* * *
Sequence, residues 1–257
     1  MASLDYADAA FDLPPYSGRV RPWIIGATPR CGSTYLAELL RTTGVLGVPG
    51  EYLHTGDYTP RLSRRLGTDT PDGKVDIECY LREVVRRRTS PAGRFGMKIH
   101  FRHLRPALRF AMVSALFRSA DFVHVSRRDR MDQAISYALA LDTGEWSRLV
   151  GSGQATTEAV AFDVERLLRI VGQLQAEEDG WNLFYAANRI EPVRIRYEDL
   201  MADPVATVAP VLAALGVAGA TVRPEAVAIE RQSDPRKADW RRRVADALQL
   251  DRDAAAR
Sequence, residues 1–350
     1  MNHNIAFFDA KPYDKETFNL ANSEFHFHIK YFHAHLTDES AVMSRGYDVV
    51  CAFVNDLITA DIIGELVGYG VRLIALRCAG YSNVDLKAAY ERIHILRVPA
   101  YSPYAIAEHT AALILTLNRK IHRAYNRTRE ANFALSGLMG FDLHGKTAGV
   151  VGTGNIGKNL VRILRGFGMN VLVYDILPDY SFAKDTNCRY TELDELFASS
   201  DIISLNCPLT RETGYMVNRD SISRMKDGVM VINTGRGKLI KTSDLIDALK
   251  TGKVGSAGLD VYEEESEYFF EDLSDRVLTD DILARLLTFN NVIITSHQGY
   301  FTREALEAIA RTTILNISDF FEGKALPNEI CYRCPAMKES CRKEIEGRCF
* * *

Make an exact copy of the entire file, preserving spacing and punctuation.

Sequence, residues 1–257
     1  MASLDYADAA FDLPPYSGRV RPWIIGATPR CGSTYLAELL RTTGVLGVPG
    51  EYLHTGDYTP RLSRRLGTDT PDGKVDIECY LREVVRRRTS PAGRFGMKIH
   101  FRHLRPALRF AMVSALFRSA DFVHVSRRDR MDQAISYALA LDTGEWSRLV
   151  GSGQATTEAV AFDVERLLRI VGQLQAEEDG WNLFYAANRI EPVRIRYEDL
   201  MADPVATVAP VLAALGVAGA TVRPEAVAIE RQSDPRKADW RRRVADALQL
   251  DRDAAAR
Sequence, residues 1–350
     1  MNHNIAFFDA KPYDKETFNL ANSEFHFHIK YFHAHLTDES AVMSRGYDVV
    51  CAFVNDLITA DIIGELVGYG VRLIALRCAG YSNVDLKAAY ERIHILRVPA
   101  YSPYAIAEHT AALILTLNRK IHRAYNRTRE ANFALSGLMG FDLHGKTAGV
   151  VGTGNIGKNL VRILRGFGMN VLVYDILPDY SFAKDTNCRY TELDELFASS
   201  DIISLNCPLT RETGYMVNRD SISRMKDGVM VINTGRGKLI KTSDLIDALK
   251  TGKVGSAGLD VYEEESEYFF EDLSDRVLTD DILARLLTFN NVIITSHQGY
   301  FTREALEAIA RTTILNISDF FEGKALPNEI CYRCPAMKES CRKEIEGRCF